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India’s top court lifts ore mining ban in Goa Supreme Court imposes several conditions

NEW DELHI, April 21, (AFP): India’s top court on Monday lifted an 18-month ban on iron ore mining in the state of Goa, which had been imposed over allegedly corrupt practices that were harming the environment. But the Supreme Court imposed several conditions on the resumption of mining in the western state, including setting a cap of 20 million tonnes per year on the amount of ore that can be mined.

The three-judge bench also banned mining within one kilometre of national parks and wildlife sanctuaries in the state, which has an important tourism industry. It also asked the government to identify other ecosensitive areas that should remain off limits.

The government must also establish an expert panel to report to the court on future maximum annual output and other issues within six months, said the bench headed by Justice A.K. Patnaik. The ban was imposed in September 2012 to clamp down on illegal mining and prevent environmental destruction in the state, which is one of the country’s top iron ore producers.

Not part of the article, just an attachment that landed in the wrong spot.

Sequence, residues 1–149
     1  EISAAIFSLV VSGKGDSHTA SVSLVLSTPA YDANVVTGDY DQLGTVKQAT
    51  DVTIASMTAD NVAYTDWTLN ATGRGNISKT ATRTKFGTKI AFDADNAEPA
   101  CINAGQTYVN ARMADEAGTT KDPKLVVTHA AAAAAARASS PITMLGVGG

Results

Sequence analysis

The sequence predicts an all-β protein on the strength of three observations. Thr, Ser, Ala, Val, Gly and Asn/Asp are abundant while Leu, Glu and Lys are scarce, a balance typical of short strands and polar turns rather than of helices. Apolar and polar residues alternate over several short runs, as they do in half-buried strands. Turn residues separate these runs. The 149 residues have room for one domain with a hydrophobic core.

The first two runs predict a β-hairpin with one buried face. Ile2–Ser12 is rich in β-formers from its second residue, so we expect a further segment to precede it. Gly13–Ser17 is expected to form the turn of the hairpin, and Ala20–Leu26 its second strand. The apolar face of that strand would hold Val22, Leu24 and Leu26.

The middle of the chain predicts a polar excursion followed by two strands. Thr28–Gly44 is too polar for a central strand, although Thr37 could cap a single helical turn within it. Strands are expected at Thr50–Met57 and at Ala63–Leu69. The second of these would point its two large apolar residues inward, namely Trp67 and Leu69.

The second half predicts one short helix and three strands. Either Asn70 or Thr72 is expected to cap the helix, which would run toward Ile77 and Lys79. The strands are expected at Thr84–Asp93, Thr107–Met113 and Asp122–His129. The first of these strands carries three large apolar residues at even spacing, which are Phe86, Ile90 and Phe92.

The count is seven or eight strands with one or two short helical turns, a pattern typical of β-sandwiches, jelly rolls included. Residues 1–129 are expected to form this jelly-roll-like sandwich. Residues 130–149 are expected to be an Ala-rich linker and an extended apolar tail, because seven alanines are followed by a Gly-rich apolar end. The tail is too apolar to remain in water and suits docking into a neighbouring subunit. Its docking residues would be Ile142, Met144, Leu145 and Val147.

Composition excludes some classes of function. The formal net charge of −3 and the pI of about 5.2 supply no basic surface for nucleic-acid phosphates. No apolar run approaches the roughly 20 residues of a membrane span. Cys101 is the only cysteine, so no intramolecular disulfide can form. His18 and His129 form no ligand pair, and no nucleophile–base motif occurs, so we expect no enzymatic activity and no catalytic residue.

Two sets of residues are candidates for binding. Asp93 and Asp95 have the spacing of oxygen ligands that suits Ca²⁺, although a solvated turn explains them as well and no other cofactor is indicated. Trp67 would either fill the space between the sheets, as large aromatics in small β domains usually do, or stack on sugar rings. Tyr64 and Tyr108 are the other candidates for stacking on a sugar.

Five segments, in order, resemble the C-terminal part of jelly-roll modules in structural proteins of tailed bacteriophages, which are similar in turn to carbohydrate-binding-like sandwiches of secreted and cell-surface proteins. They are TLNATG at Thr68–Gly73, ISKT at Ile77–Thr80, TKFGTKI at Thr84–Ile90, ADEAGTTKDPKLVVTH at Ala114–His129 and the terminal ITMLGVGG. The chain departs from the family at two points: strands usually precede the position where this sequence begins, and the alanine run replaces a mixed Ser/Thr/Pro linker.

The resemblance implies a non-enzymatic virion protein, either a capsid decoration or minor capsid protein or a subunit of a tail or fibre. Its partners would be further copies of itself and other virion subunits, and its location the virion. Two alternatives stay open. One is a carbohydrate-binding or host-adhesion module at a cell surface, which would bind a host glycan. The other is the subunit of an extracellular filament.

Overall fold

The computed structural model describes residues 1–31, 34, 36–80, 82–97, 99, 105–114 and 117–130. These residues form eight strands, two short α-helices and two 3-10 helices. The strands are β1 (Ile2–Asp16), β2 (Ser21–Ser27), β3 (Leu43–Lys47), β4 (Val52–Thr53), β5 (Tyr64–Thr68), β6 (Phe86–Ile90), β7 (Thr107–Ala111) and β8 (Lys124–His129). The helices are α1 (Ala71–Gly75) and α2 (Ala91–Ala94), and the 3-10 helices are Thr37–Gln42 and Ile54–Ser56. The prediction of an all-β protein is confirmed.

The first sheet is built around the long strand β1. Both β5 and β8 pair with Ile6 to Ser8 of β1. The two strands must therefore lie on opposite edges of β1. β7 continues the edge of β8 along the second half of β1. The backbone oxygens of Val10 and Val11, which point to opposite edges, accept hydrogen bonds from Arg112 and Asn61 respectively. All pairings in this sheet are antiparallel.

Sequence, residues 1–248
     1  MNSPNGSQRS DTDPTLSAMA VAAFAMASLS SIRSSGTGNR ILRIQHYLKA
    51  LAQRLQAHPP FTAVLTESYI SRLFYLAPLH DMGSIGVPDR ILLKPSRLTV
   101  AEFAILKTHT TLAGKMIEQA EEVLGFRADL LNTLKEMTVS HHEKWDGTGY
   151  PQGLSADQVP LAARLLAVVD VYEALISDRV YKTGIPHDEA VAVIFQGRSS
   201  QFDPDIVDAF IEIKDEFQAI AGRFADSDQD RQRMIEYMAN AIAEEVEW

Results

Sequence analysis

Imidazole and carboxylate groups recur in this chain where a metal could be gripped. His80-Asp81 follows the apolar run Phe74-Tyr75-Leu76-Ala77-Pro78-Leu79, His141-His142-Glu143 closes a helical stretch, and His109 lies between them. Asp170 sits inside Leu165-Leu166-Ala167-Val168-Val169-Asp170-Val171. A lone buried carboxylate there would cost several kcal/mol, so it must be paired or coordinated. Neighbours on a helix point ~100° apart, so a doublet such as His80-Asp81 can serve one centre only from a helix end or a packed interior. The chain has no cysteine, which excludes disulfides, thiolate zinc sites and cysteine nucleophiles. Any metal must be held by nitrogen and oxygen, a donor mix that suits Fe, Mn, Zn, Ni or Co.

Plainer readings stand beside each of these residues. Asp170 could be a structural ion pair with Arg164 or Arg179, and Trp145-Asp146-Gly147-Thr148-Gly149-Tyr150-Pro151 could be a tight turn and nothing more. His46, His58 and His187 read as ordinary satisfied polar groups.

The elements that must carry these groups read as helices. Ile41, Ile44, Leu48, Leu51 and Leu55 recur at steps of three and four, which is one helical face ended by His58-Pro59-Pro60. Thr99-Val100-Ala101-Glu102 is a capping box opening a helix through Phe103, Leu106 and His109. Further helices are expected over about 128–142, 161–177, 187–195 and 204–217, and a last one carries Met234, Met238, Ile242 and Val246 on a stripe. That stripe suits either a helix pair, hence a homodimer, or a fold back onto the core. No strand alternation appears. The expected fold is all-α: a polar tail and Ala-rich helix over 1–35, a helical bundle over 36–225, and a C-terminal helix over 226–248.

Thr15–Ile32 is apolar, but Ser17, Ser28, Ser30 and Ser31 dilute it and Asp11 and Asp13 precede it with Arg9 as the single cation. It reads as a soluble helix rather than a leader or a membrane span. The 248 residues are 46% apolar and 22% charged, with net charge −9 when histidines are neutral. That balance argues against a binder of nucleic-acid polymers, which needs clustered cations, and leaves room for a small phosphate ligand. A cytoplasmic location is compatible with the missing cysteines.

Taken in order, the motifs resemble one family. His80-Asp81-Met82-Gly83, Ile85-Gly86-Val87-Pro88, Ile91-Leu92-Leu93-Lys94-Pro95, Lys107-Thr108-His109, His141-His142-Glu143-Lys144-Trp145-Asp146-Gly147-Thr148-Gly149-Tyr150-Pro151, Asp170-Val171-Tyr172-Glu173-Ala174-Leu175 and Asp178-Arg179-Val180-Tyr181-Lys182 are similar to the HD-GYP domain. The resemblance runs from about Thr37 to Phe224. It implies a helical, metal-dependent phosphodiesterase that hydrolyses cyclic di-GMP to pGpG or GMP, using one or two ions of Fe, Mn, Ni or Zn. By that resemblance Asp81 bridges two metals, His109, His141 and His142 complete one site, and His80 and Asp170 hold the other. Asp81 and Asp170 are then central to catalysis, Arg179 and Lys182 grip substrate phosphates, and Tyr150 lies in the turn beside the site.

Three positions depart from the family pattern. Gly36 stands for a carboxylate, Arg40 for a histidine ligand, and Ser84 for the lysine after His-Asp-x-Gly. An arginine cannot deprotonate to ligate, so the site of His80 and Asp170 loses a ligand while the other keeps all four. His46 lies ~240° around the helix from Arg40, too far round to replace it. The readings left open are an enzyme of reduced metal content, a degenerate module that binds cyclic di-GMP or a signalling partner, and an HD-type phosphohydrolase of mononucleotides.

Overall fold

A government-backed inquiry found that illegal iron ore mining in the state had cost the public coffers huge sums in lost royalties. The ban has affected India’s largest private iron ore producer Sesa Sterlite, the main subsidiary of mining conglomerate Vedanta, among others.

Last year the Supreme Court allowed more than 100 mines in the southern state of Karnataka to resume operations after a suspension of more than a year due to environmental concerns. Much of the ore that was illicitly mined in Goa and Karnataka is thought to have been shipped to China and other east Asian countries to make steel.

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